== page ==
Note: This is the final post in a four-post series on the biggest technical interviewing mistakes commonly made by employers.
Read the intro post to the series here.
Read about Mistake No. 1 here.
Read about Mistake No. 2 here.
Shortcuts rarely work. They’re sure a terrible idea with technical interviews. In fact, short-cutting the process is one of the three biggest common technical interviewing mistakes.
The reason short-cutting the technical interview process is such a big mistake is it spoils the results, vastly increasing the chances that you hire the wrong people. The whole goal of technical interviews, of course, is to hire the right people, those who have the necessary skills and experience to perform well at given jobs. And they are highly effective when done right—research by the University of Notre Dame found technical interviews to be more than five times more predictive of future job behavior than traditional interviews.
Shortcuts—such as not having standards for your technical interviews (e.g., not having common questions, not having common rating scale) or not using experienced technical interviewers—make your interviews far less insightful, especially for comparing candidates. So you’ll be more likely to hire the wrong candidates, a mistake that comes with tremendous costs.
SHRM has estimated that the cost of a bad hire could be as high as five times the amount of the bad hire’s salary. Assuming an average IT salary of $100,000, in IT, the cost could be $500,000 per bad hire. Bad tech hires lead to frustrated co-workers, frustrated customers, key projects not getting completed, etc.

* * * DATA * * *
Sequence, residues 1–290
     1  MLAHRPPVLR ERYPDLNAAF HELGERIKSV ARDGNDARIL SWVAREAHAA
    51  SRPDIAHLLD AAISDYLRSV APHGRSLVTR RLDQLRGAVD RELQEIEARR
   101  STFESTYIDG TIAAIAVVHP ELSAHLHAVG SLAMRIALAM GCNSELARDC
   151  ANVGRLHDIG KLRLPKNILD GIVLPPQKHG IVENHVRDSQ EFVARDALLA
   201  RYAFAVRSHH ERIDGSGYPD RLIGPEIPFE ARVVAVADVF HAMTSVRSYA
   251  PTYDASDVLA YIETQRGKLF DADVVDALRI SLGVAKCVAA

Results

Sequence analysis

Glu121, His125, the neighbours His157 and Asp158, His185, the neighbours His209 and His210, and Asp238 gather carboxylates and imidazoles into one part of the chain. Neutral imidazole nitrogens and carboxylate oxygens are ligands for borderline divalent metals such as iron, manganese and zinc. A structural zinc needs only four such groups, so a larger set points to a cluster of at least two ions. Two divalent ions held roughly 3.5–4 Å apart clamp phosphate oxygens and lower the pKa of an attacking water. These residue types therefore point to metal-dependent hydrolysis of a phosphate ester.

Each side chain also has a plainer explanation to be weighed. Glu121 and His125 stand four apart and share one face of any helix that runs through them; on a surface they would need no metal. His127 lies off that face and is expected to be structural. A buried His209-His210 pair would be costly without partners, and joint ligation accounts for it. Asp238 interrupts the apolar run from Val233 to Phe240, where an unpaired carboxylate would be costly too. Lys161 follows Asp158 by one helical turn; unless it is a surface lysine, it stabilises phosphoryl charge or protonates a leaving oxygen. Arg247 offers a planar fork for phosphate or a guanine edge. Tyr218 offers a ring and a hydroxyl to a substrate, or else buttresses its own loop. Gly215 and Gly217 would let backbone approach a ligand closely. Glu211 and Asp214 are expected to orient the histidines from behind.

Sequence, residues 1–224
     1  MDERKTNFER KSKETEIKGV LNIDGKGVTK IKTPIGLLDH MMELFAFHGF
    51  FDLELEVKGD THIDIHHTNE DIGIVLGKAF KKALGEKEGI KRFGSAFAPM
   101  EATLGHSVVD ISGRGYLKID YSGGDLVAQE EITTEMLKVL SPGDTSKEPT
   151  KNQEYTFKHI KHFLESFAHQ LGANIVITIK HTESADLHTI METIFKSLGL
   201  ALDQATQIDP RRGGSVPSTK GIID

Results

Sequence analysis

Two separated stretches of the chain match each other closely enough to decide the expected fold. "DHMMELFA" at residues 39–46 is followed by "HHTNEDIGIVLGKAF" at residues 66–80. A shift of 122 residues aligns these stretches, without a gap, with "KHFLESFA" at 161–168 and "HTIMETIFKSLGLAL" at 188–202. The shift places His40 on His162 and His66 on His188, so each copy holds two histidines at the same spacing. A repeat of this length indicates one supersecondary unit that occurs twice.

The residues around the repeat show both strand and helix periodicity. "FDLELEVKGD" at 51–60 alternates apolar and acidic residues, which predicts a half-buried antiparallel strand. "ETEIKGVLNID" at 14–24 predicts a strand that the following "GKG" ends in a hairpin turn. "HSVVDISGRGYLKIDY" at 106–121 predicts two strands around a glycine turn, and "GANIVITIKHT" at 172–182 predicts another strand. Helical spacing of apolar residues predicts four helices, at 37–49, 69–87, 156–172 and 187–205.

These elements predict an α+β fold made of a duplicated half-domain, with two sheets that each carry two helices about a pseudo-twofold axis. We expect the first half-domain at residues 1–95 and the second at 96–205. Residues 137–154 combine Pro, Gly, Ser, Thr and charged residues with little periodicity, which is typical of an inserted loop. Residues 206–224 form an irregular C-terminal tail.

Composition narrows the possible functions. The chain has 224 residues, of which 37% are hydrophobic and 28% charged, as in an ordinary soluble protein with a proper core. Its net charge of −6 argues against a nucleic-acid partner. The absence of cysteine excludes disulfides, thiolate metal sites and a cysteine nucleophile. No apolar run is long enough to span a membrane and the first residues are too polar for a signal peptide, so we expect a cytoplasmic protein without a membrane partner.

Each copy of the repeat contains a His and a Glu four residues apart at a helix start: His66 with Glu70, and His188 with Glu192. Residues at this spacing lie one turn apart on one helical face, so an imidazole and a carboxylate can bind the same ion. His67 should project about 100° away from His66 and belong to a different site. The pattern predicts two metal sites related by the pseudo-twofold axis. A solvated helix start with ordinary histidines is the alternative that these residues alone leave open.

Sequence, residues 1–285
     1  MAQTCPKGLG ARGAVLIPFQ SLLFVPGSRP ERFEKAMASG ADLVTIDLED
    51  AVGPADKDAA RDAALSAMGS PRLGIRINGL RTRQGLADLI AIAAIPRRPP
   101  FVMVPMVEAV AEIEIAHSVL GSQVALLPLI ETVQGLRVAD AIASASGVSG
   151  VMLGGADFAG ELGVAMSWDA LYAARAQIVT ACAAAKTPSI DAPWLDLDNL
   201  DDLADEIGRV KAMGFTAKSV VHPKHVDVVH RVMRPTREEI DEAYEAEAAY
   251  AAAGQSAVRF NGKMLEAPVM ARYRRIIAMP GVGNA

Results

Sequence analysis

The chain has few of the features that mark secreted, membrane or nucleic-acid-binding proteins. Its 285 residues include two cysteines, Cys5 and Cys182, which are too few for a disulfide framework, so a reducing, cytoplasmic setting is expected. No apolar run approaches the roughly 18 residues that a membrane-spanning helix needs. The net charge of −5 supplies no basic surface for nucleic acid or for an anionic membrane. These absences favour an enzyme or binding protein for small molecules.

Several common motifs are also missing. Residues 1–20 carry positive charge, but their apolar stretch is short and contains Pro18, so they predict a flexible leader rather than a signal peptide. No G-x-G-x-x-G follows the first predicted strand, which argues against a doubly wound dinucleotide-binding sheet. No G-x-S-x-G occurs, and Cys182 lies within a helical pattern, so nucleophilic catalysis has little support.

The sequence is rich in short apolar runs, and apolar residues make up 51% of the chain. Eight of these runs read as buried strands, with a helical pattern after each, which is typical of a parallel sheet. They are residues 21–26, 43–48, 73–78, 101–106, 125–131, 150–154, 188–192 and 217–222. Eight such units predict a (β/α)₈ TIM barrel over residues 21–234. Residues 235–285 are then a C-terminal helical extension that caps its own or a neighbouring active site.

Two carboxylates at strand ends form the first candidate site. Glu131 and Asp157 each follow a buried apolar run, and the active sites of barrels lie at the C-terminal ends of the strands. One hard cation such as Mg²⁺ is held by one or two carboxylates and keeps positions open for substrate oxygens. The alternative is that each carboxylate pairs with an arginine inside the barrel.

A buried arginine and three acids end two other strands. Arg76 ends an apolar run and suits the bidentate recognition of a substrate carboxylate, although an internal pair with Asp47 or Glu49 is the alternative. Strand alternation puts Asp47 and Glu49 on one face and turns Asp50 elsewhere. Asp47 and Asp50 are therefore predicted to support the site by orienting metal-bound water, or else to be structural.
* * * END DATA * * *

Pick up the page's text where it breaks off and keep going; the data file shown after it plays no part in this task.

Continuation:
Which companies tend to make the mistake of short-cutting the technical interview process?
Not leading technical companies like Google. They prioritize technical interviews because they know the reward is better talent.
The companies we see making this mistake often are those whose primary focus isn’t tech. Even in the banking and finance industry—the tech industry’s biggest talent competitor—companies put themselves at risk of bad hires due to flawed technical interviewing shortcuts.
The following are three of the main problems we see companies in the banking and finance industry having with technical interviews:
• Interviews have no standards. Not having common questions, common rating scale, etc., makes it difficult to identify the candidates with the best skills and experience
• Too slow moving. Delays hamper the technical interviewing process. Not only does time to fill increase, but also top candidates choose other opportunities.
• No technical interviews at all. Leave hiring decision up to hiring manager without any predictive insights from technical interviews, vastly increasing the risk of bad hires.
So don’t just perform technical interviews. Make sure you have a technical interviewing process that works, that doesn’t take shortcuts. It will make the difference between having the right tech talent, and the wrong tech talent.